This is specifically the venue which made me fall in love with this city. The first time we came, accompanied by our friends, I didn't want to leave. At the time, there was a Selena craze after her tragic murder, and little girls of all ages were trying to sound just like her. We saw one of them performing in the Mercado, and she was amazing! We also had an unforgettable lunch outdoors, under the umbrellas. Chuck bought his first sombrero. In the late afternoon, they had musicians playing on the street with some of the crowd dancing to the beat of the cumbias...it was delightful.
This time around, we were freer to roam, and stop at every little thing, as I often do. The day was sunny, and we went into every bodega (store) that lined the promenade. To its side, there is another hidden treasure, and when you go through the doors, you'll see a huge hall with small shops offering some very beautiful native arts & crafts. Shopping here has a definite cultural angle and it's hard to focus, because there is so much coming at you, but if you go in one direction and make a circle, then you can start moving toward the center stalls.
El Mercado is the the largest Mexican marketplace outside of Mexico; it is a Mexican style plaza replete with fabulous restaurants, decadent pastry shops, specialty shops and craft galleries. If you love pottery, as I do, then this is a must-see. Especially the indoor area. My eyes were not large enough to take in all the different styles of pottery and ceramics fashioned by Mexican artisans. I did get a terra cotta vase, with a green gecko cleverly painted on its top side. Chuck found me an identical one on the other side of the plaza, and we also managed to pick up a matching candle holder. They made it to NY in one piece!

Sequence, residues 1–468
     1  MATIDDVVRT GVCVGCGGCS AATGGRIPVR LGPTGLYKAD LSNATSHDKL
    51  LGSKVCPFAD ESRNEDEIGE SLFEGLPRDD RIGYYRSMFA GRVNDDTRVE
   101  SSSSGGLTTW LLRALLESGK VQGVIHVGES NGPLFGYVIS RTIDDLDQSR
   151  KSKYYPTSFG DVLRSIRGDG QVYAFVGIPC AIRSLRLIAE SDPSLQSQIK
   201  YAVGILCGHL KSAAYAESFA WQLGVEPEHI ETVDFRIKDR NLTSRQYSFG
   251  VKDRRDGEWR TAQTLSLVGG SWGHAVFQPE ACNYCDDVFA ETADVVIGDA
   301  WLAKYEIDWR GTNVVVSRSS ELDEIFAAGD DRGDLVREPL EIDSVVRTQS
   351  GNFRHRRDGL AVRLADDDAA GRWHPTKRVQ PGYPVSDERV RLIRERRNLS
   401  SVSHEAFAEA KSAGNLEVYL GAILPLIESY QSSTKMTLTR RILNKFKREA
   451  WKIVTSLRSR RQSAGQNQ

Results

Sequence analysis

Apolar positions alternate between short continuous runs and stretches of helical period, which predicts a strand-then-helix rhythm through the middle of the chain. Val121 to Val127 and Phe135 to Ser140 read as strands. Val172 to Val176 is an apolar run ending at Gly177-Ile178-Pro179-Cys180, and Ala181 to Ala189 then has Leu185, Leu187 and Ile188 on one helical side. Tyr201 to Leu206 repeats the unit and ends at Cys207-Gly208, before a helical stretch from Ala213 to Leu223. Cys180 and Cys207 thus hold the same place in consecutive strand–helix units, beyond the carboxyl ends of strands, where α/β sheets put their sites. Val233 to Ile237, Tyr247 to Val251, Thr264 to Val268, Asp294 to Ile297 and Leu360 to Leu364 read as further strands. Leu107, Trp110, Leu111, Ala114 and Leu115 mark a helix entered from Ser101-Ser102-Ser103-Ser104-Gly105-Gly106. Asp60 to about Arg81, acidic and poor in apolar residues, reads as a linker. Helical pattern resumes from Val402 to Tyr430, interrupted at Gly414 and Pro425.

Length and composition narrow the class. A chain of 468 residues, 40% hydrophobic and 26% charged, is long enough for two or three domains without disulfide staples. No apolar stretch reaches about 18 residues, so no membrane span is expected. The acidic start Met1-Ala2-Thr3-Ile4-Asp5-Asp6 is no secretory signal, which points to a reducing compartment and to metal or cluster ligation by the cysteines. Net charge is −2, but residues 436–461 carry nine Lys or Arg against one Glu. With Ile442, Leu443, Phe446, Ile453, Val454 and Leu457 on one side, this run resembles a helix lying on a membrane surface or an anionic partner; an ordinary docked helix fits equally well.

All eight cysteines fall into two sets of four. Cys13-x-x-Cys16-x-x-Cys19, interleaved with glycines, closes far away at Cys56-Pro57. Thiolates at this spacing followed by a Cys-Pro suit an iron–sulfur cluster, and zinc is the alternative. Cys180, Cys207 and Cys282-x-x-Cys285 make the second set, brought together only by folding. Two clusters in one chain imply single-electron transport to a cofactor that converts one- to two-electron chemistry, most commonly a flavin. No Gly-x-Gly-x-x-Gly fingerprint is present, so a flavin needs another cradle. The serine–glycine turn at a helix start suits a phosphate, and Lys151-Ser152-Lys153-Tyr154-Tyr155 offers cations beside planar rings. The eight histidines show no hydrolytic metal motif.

Papier maché objects line the tables; lots of jewelry with turquoise stones; leather keychains, wallets, belts which they will engrave for you free of charge, or for a very nominal $1.00. Sombreros, Mexican style blusas (blouses)which have elasticized sleeves that you can lower to the shoulders. Flamenco style skirts galore. What else?? Tiled picture frames; wooden carvings, and oh! brightly colored paper maché vegetables and fruit! You can buy them in single large pieces or bound together by a string so you can hang it up as decor if you like.
They hold a festival here on a yearly basis which is free and open to the public. Attendance apparently is a hair short of half a million people. You can bet you'll hear all the Tejano music you yearn for! I think it's held in late July.
I found this to be thoroughly enjoyable; families come with their children both during the day and at night. The market bustles with activity.